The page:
Last week, I gave evidence to the Commons’ Levelling up, Housing and Communities Committee inquiry into financial distress in local government. The LGIU is in a good place to talk about this, having spent recent months in conversation with our members about the situation that local authorities are dealing with right now and their hopes and fears for the future lay of the land.
The insight of our local authority members, along with the ongoing research of our Local Democracy Research Centre into local government finance and funding, provide powerful context for the recommendations that we will be publishing next month in our LGIU@40 Manifesto: For the future of local government.
We know how hard local government has been working over the last decade to find the savings that central government has demanded of it, while still providing the services that their communities rely on. As one local authority chief executive told me “we’ve spent the last ten years being as innovative as we can to stretch the elastic thinner and thinner and we’re getting to the point we can’t do that anymore.”
Our annual report into the State of Local Finance in England revealed earlier this year that only 14% of council finance leaders are confident in the sustainability of local government finance and 8.5% said they were anxious they would not be able to meet their statutory obligations. Our analysis suggests that this represents up to 23 councils at risk of a section 114 notice, strikingly similar to the Special Interest Group of Municipal Authorities predictions that 26 local authorities could issue a section 114 notice in the next two financial years.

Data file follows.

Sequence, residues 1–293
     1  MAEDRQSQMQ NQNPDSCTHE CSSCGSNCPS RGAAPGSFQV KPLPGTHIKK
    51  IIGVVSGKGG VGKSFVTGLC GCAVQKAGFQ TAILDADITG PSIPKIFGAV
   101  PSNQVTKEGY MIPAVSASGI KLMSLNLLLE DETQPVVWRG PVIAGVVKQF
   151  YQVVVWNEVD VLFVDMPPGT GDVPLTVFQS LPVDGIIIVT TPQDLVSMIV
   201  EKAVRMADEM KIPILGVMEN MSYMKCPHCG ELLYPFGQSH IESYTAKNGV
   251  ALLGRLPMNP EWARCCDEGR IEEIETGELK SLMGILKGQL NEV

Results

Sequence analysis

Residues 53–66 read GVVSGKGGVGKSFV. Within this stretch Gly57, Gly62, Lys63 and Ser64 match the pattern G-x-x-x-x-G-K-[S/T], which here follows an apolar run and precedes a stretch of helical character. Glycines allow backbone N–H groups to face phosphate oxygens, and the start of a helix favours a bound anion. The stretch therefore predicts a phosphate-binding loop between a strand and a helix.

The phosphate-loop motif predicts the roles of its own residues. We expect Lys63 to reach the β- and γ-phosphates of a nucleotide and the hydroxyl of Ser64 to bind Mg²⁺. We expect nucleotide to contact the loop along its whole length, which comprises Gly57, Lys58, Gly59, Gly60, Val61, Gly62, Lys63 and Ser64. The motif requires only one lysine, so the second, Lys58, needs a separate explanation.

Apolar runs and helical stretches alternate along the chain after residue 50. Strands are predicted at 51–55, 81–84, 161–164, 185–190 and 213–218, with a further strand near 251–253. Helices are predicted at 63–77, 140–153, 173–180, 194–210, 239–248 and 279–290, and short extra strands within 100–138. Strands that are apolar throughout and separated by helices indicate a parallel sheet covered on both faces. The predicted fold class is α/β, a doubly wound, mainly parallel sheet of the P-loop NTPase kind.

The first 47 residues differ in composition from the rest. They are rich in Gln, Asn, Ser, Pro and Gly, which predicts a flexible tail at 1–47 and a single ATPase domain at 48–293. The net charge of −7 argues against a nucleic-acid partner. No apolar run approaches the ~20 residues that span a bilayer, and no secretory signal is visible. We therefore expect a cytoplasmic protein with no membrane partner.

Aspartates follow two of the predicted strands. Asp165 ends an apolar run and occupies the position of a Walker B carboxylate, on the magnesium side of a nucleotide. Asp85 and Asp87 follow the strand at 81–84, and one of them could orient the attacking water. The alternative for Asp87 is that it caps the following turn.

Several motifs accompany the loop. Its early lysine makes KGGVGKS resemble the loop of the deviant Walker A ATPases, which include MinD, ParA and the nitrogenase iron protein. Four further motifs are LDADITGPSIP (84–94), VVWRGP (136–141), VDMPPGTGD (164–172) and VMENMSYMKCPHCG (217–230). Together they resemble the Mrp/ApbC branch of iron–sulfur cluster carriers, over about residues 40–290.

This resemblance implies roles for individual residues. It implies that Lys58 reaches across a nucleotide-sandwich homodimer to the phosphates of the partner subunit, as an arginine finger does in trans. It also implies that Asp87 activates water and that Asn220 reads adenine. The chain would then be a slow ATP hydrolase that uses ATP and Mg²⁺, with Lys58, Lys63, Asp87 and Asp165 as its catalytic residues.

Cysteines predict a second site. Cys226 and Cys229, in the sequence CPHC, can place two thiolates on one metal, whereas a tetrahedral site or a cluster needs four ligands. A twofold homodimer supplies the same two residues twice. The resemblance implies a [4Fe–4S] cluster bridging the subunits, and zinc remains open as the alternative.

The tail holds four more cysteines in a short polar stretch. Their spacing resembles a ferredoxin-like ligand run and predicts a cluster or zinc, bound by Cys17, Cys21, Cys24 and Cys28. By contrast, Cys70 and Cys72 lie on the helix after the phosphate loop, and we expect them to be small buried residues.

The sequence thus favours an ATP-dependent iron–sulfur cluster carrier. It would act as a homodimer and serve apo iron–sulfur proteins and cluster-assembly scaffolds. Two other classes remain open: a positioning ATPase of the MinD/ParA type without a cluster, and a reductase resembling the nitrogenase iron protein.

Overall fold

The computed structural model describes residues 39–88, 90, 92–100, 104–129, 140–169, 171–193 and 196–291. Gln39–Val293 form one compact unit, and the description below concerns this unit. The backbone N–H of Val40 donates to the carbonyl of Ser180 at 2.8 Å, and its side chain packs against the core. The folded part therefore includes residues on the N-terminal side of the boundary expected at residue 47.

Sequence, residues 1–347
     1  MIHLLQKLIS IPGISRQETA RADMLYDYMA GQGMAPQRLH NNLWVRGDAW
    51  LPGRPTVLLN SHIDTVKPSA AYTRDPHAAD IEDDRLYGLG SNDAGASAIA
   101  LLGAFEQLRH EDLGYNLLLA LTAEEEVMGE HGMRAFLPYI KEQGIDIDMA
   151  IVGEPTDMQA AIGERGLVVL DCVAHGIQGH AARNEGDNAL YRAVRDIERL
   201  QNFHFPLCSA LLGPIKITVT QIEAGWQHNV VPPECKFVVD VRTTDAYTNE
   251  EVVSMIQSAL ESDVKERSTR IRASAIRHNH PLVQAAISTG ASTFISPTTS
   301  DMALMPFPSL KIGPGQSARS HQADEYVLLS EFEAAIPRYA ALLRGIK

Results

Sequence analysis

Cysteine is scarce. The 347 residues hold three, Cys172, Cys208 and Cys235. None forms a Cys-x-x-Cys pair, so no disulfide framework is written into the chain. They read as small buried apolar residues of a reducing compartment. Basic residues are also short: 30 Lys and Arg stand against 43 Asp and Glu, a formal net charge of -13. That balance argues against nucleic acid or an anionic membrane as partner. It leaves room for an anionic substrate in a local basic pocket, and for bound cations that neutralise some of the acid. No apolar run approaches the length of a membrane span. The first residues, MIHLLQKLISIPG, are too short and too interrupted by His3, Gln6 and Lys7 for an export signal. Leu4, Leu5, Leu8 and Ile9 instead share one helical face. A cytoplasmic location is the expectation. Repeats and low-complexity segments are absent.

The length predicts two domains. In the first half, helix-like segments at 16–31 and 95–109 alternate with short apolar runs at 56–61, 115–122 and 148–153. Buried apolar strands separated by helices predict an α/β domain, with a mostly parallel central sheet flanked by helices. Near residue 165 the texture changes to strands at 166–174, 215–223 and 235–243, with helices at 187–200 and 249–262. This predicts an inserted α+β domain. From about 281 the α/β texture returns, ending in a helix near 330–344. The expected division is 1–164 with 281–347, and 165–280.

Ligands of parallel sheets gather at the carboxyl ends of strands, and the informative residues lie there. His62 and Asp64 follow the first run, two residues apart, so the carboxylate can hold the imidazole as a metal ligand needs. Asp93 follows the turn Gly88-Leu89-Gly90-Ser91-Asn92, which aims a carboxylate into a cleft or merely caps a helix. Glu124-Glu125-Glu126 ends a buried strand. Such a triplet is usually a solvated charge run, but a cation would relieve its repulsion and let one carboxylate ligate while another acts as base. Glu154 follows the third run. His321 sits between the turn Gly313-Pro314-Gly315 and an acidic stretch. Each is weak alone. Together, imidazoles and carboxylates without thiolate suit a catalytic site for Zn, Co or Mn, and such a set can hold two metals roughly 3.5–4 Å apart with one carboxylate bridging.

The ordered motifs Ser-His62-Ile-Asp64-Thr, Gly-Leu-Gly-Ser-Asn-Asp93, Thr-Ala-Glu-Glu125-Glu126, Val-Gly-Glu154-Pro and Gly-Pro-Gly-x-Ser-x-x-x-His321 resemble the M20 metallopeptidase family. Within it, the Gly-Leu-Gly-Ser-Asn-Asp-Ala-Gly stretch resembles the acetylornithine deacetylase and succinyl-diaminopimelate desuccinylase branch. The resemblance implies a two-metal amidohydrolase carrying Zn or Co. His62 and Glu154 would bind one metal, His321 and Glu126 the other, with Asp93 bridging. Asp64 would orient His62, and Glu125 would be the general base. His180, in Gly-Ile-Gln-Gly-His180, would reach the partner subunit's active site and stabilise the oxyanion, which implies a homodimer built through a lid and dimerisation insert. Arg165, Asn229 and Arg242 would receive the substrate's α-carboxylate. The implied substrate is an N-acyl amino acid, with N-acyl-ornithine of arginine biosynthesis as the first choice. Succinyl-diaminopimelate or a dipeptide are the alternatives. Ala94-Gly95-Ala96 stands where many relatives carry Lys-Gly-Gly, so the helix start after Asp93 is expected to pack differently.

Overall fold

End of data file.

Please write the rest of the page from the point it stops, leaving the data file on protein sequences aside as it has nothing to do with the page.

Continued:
There have been suggestions that, to some extent, section 114s can just be explained by mistakes made by councils. But the evidence doesn’t stack up. The local government finance system in England is broken, and yes, the places that make the worst decisions may well be the first to fall over, but they most definitely won’t be the last. The fact that mistakes are made in councils doesn’t mean there isn’t a systemic problem. There’s not enough money, it’s too short term and there’s not enough flexibility or revenue sources.
But structures can be fixed, things can be done differently, and indeed are in many other places around the world. The LGIU’s Local Democracy Research Centre, in partnership with academics from the University of Northumbria, has been exploring local government finance and systems in other countries. It is a unique study that is vital for generating new, evidence-based ideas for the urgently needed reform of the English system. By looking at other countries, we have come to see how dysfunctional the current system in England is by comparison and how it could be improved.
Finance is one of the core themes of the LGIU@40 campaign – along with trust and participation – and we have spent the past year collecting the views and insights of our members and carrying out original research and evidence gathering.
We have had a tremendous response to the LGIU@40 work from our members and the wider local government sector, with over 60 chief executives, leaders and senior figures taking part in interviews, roundtable discussions and making written contributions to the programme. Senior journalists from BBC and ITV News, Newsnight and the Financial Times have taken a keen interest in the insights and ideas garnered through this extensive engagement programme.
We will be discussing the results of this work at our first LGIU Members’ Research Symposium on the 6 December. Spaces are available for this complimentary event for senior officers and councillors from LGIU member councils exclusively on a first come, first served basis – find out more and how to book a place here.